What Does An RSD Diagnosis Mean?
An RSD diagnosis can seem pretty daunting, especially considering that there is no cure for the medical condition. The fact that the disease’s prominent feature is pain makes things a lot worse. Once an RSD diagnosis is established, treatment should begin as soon as possible. Some patients are lucky enough to have their RSD symptoms disappear after a while, even without treatment. However, it is risky to simply wait out the disease in the hopes that this will be the case every time. The best approach to deal with an RSD diagnosis is to explore treatment options.
RSD has no cure, and so most patients rely on a combination of treatments to get through the day and manage their pain. The RSD treatment combo includes medications, physical activities, physiotherapy, and even occupational therapy. The medications are usually prescribed to manage pain and may include a variety of drugs such as analgesics, opioids, and anti-inflammatory drugs. Most of these offer short term relief from pain and unfortunately, they don’t always work for everyone.So far, the best drug available for RSD treatment is Neridronate. However, this drug is only approved for use in Italy, but it has the best, long-term results so far; even showing evidence of total remission from RSD.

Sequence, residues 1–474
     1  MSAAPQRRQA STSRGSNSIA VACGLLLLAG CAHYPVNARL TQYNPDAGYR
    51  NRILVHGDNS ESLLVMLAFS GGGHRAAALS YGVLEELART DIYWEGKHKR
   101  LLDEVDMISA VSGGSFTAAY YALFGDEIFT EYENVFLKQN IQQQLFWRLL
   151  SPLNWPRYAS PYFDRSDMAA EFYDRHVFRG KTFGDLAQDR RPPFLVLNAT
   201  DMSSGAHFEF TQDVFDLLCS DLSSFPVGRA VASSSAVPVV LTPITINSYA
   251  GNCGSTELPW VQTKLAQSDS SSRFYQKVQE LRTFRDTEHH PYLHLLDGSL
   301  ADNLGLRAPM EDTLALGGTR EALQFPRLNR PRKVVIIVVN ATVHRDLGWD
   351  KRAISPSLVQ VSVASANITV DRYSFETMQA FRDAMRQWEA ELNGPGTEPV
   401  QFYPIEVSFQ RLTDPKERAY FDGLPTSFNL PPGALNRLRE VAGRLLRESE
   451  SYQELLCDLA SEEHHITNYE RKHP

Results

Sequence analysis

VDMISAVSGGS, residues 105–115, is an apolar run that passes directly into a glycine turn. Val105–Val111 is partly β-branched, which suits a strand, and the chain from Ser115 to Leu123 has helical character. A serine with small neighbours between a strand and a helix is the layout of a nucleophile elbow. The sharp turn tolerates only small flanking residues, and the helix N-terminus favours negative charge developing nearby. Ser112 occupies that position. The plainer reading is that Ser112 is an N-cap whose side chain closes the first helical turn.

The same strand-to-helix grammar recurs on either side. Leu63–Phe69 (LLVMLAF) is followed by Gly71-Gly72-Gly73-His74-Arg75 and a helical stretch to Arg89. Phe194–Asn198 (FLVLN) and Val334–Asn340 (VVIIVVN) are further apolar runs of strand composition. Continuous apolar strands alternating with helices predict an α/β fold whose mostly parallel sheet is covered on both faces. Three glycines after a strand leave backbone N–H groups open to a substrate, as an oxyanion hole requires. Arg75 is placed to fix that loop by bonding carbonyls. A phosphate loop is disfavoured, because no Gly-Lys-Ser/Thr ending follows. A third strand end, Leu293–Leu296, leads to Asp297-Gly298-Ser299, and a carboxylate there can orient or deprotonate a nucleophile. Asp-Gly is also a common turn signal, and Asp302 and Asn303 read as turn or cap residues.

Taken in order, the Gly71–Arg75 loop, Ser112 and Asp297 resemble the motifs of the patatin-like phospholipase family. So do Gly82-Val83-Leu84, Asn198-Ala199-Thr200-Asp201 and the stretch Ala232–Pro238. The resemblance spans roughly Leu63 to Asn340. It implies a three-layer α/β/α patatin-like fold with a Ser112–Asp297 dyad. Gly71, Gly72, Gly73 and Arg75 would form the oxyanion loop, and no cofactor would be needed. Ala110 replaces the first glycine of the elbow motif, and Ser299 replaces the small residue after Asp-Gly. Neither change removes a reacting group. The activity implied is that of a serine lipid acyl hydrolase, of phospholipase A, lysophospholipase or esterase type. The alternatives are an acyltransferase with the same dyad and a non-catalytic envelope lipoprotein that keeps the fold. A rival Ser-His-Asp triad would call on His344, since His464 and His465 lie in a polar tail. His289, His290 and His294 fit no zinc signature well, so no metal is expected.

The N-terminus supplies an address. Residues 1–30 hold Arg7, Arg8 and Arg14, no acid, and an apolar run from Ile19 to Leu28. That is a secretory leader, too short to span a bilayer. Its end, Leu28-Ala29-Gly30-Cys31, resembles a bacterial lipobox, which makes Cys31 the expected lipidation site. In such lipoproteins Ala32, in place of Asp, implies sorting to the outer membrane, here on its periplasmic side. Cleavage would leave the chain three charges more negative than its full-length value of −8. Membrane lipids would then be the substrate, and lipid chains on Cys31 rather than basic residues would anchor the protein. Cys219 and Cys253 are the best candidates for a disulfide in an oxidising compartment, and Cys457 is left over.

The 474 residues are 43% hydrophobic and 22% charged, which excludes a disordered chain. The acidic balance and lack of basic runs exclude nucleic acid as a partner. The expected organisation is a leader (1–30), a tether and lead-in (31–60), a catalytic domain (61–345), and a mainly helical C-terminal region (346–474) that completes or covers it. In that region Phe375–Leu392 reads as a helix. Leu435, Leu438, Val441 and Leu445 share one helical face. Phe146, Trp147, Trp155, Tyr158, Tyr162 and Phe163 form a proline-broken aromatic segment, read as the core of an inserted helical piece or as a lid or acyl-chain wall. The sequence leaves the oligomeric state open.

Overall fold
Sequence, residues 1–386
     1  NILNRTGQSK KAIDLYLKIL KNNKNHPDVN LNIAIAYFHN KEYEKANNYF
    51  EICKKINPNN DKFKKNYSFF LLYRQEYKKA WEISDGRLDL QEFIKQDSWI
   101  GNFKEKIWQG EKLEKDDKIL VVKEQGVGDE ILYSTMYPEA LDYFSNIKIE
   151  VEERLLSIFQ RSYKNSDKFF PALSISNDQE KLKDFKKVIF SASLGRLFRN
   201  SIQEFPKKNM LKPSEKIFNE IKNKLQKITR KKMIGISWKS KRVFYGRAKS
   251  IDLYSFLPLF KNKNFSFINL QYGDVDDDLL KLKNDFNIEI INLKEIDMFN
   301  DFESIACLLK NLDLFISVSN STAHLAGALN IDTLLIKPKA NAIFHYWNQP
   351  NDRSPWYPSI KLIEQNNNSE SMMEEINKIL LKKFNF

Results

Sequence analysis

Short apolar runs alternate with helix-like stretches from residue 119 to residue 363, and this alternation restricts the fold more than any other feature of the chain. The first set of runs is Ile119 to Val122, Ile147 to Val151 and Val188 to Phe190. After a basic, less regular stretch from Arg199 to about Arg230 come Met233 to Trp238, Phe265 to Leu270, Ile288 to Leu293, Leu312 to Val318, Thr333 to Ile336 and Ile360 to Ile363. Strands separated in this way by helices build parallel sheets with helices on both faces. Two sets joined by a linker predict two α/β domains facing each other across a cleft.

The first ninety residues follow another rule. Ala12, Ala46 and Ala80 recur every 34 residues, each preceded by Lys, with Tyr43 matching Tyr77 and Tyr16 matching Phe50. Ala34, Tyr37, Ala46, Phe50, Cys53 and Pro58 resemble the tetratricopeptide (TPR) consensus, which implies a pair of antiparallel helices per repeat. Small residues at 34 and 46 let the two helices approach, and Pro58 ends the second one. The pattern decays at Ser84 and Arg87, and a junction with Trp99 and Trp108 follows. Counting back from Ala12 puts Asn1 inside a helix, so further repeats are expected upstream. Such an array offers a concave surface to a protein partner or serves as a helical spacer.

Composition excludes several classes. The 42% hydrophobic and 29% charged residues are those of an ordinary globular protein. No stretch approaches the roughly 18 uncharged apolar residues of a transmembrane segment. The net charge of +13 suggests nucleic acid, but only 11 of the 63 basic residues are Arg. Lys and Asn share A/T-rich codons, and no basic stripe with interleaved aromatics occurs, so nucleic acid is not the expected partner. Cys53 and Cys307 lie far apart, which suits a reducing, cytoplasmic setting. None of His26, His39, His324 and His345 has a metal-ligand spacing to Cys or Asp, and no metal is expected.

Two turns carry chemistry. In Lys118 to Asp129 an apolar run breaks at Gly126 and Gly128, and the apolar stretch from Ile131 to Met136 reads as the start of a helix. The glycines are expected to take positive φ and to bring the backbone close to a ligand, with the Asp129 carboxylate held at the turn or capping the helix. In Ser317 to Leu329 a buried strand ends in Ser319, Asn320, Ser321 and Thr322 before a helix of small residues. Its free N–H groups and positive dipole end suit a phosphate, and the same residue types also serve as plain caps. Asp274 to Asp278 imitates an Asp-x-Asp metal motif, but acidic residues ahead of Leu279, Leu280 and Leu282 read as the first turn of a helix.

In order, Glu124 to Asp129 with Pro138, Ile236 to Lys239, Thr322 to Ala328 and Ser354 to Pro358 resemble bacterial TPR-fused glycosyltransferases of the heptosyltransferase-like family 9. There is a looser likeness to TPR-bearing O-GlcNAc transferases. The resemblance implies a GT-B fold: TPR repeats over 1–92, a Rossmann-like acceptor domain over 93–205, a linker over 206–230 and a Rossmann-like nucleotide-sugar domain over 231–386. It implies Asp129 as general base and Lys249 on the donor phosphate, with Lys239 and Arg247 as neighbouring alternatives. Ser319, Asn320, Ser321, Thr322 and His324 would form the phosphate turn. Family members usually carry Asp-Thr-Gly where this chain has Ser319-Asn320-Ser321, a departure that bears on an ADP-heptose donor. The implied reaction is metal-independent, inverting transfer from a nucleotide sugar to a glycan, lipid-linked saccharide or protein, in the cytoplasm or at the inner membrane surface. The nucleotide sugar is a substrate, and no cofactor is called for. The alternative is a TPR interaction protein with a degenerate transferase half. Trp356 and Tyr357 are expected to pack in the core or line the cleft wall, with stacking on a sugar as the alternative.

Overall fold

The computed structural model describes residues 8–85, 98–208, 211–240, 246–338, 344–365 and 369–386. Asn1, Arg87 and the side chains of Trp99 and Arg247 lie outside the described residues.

Physical activities help the patient move their painful limb so that they can regain functionality and manage their pain better. The physiotherapy is necessary to take care of negative emotions such as depression and anxiety that are associated with living with chronic pain. If these problems are not addressed, they may lead to emotional stress, which in turn causes flare ups, leaving the patient in even more agony. Occupational therapy helps the patient find ways to get back to their daily tasks or jobs, in spite of their condition.
With proper treatment, RSD patients can live a fairly normal life that isn’t riddled with severe pain. The prognosis is not fixed or clear, but the best chance for recovery is early treatment after a confirmed RSD diagnosis. Some cases of RSD go into remission, leaving the patients symptom-free for months, years, or even indefinitely. This can be a result of certain treatments, especially the bisphosphonate Neridronate. If the RSD is mild, then remission may also occur.